When light strikes a surface, part of the light is reflected and part of the light penetrates (refracts). The relative amounts of this reflection and refraction depend on the substances the light is passing through and also on the angle that the light strikes the surface. There is an optimum angle--depending on the substances--that will allow the maximum refraction (penetration). This optimum angle is known as Brewster's angle after the Scottish physicist David Brewster.

Calculate Brewster's angle for ordinary polarized white light using the formula: theta = arctan (n1/n2) where theta is Brewster's angle and n1 and n2 are the refraction indexes of the two media.

Calculate the best angle for light to strike glass for maximum penetration. From a table of refraction indexes find that the refraction index for air is 1.00 and the refraction index for glass is 1.50. Brewster's angle will be arctan (1.50/1.00) = arctan (1.50) = 56 degrees (approximately).

Calculate the best angle for light to strike water for maximum penetration. From a table of refraction indexes find that the refraction index for air is 1.00 and the refraction index for water is 1.33. Brewster's angle will be arctan (1.33/1.00) = arctan (1.33) = 53 degrees (approximately).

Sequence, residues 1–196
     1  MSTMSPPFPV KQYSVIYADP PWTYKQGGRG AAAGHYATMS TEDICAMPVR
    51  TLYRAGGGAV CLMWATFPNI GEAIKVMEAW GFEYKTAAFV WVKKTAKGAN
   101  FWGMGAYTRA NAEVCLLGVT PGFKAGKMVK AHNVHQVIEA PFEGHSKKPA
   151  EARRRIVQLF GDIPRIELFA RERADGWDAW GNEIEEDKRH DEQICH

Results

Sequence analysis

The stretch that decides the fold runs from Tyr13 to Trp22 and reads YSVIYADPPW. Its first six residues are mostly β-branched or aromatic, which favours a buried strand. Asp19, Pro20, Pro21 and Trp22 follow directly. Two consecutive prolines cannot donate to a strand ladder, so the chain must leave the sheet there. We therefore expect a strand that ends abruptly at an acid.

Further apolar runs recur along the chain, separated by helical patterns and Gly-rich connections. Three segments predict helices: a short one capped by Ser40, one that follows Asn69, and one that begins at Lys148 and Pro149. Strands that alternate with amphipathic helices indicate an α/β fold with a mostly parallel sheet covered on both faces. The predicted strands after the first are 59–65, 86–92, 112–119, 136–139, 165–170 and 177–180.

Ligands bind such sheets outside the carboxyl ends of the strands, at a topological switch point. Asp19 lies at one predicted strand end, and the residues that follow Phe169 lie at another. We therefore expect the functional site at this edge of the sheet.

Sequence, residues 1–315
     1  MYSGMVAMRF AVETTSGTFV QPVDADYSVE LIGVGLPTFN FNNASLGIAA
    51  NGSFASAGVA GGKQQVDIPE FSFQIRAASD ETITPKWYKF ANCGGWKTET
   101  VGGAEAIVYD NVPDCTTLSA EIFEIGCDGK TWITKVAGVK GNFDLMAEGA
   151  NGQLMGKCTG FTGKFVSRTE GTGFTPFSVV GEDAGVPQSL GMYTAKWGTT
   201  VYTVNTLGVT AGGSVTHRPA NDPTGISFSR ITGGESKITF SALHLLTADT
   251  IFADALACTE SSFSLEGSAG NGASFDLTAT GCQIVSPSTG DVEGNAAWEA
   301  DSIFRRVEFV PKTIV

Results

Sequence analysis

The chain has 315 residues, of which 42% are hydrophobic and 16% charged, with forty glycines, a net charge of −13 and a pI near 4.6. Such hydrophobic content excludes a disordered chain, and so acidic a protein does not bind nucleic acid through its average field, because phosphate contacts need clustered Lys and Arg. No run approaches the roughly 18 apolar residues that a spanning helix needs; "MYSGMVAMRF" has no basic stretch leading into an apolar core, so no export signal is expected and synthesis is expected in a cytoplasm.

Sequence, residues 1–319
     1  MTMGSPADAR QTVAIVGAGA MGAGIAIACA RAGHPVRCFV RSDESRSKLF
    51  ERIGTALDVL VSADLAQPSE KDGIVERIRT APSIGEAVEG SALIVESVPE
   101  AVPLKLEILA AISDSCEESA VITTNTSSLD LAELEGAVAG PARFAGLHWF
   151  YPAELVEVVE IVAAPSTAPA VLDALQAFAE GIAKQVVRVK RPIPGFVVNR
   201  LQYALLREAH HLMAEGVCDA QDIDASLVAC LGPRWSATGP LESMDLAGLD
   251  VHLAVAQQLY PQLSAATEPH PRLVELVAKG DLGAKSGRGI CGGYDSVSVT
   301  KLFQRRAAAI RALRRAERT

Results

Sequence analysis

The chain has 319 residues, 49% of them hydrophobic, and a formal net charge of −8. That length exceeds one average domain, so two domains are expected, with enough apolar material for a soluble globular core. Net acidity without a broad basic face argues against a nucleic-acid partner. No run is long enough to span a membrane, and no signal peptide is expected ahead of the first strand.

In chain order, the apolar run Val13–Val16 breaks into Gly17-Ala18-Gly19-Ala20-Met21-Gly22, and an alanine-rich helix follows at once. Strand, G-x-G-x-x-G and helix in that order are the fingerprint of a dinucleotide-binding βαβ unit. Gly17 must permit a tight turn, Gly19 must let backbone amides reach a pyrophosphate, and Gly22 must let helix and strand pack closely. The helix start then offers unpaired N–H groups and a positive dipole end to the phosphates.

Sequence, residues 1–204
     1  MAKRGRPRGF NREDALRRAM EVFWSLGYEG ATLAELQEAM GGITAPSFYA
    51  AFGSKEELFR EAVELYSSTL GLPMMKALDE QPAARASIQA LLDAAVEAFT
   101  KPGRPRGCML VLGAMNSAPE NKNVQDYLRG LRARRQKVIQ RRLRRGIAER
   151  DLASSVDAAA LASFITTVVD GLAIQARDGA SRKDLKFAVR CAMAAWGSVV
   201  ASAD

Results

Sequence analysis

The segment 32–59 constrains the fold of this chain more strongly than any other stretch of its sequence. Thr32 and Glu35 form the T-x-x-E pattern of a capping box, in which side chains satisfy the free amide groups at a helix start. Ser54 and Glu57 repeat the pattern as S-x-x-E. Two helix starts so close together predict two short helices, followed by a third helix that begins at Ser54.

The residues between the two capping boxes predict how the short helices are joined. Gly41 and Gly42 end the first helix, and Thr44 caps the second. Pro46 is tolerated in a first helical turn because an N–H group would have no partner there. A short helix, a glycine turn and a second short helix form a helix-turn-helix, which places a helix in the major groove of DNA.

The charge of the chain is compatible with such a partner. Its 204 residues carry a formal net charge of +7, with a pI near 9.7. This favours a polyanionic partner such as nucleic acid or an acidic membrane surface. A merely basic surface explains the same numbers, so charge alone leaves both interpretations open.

#### Tip

Air is the standard for refraction indexes, so the refraction index for air is 1.0. In most cases we are interested in light that is traveling through air to strike a surface. In these cases we can use the slightly simpler equation theta = arctan (r) where theta is Brewster's angle and r is the refraction index of the impacted surface.

#### Warning

Brewster's angle shifts slightly if the light is colored or polarized.